Download and install Node.js through the provided link, both versions would be fine but if you are not sure, you can go with the “recommended for most users” one. This software includes npm which stands for “node package manager” and is a tool that facilitates the installation of packages that will be used in the project.
react, create-react-app and firebase are examples of packages that we will use, and thanks to npm it is easy to use a CLI (Command Line Interface) such as the mac terminal or cmd.exe to install these dependencies on a project.
You don’t have to mind those terms, but in case you do, I like to explain a little bit of what they are considering when I first started programming I’d face such things and get completely lost.
Open the terminal app if you are using OSX, you can click 🔍 in the upper-right corner of the menu bar, or press Command + Space bar, type “Terminal” and hit enter.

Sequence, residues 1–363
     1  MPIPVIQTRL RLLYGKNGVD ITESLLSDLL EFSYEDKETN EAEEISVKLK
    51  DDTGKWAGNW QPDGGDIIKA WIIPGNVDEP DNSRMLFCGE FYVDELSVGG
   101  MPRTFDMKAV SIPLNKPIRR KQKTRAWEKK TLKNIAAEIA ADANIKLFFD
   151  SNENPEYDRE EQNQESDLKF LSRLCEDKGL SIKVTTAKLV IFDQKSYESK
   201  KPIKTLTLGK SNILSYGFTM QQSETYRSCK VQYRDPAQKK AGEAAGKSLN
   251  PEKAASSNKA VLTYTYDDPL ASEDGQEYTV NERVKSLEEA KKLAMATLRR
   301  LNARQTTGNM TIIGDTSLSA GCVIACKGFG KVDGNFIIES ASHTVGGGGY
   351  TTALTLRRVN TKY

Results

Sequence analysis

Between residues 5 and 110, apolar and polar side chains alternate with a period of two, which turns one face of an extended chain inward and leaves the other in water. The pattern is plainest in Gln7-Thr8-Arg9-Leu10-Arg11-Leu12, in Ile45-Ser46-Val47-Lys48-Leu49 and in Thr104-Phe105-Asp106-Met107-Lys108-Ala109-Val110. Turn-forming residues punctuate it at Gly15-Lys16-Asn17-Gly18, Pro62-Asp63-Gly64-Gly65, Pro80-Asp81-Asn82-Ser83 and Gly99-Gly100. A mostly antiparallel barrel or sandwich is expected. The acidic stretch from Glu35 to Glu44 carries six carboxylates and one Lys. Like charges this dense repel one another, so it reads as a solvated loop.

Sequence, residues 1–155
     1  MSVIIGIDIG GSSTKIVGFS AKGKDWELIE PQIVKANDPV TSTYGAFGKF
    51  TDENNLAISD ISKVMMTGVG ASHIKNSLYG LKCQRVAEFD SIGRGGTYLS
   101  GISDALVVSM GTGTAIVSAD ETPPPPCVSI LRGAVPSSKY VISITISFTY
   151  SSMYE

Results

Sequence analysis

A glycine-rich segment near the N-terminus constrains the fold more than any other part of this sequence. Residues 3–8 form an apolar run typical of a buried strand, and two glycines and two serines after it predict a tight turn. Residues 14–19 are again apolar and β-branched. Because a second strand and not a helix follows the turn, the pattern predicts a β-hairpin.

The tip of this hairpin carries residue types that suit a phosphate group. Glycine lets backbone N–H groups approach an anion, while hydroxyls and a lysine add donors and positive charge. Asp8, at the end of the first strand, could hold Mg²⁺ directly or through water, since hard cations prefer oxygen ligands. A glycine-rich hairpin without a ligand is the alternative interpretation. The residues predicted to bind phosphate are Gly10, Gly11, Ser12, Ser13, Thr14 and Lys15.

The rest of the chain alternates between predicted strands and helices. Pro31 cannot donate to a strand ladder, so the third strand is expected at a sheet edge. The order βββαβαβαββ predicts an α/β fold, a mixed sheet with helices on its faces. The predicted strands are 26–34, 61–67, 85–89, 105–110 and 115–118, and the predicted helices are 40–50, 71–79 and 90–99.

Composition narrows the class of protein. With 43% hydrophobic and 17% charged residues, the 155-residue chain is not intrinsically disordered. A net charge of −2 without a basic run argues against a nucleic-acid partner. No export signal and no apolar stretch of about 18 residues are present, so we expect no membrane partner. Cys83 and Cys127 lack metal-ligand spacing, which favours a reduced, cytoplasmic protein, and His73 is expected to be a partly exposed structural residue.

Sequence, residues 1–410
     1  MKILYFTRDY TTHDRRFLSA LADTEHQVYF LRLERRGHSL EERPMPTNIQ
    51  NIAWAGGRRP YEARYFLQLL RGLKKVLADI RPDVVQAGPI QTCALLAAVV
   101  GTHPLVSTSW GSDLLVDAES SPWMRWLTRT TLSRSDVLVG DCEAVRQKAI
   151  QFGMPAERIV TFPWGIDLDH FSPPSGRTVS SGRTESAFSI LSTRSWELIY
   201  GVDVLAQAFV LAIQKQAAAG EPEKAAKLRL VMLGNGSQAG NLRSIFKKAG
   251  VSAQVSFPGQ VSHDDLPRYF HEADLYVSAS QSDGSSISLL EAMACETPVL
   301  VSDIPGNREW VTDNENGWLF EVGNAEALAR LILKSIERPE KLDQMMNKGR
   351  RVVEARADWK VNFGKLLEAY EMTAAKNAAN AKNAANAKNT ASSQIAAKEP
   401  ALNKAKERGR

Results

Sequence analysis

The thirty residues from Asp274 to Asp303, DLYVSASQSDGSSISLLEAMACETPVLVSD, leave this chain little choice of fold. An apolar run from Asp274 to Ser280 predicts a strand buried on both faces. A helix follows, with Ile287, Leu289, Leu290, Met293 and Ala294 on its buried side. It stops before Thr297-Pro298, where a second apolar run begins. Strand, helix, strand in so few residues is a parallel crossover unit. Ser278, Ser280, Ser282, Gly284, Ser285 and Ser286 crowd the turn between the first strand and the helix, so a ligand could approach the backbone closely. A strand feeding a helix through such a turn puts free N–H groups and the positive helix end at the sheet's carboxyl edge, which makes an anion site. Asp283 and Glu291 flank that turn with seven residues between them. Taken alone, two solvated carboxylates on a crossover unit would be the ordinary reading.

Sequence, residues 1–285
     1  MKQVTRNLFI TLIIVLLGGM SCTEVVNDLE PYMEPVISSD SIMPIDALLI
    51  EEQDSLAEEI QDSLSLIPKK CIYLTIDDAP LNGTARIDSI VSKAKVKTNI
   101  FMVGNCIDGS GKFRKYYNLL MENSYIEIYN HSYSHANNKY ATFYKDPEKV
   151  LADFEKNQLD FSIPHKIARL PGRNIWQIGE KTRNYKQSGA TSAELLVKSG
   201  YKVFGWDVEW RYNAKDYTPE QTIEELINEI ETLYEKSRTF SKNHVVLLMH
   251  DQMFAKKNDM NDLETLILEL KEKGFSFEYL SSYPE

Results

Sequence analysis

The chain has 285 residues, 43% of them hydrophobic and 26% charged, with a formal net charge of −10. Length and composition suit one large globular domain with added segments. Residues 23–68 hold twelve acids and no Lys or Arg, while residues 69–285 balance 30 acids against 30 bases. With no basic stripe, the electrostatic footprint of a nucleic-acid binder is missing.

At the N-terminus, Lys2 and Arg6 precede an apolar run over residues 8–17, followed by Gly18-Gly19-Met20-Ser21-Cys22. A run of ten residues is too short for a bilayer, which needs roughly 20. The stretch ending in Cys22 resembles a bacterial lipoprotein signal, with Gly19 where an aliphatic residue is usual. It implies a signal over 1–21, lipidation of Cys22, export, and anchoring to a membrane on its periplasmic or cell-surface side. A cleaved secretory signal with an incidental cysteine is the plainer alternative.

Or the Command Prompt if you are using Windows, click the start button search for cmd.exe and hit enter.
The following code will install through npm a package called “create-react-app” which is a tool to prepare a basic project so that you can jump right into developing the application. Also, -g means it will be installed globally on your machine allowing it to be used on any folder lets say. The next packages you will need will be installed locally only, on the project folder.
Write the code on the terminal/cmd window and hit enter.
npm install -g create-react-app
You may need to write “sudo npm install -g create-react-app” which will await your computer’s password to make such changes as a super user.
Now that this amazing tool is installed, you can type the following code to change the directory to the Documents folder and create a project with the name iot-distance-sensor. You can change that name to whatever you want.
If you don’t use “cd Documents” you will create the project folder on the default location for the terminal, which is likely to be the logged user folder.
When completed, a new folder will appear with the name you’ve chosen.
Let’s proceed with the coding editor. Launch VSCode or another editor you’ve got and choose File → Open … and select the folder that was created by create-react-app.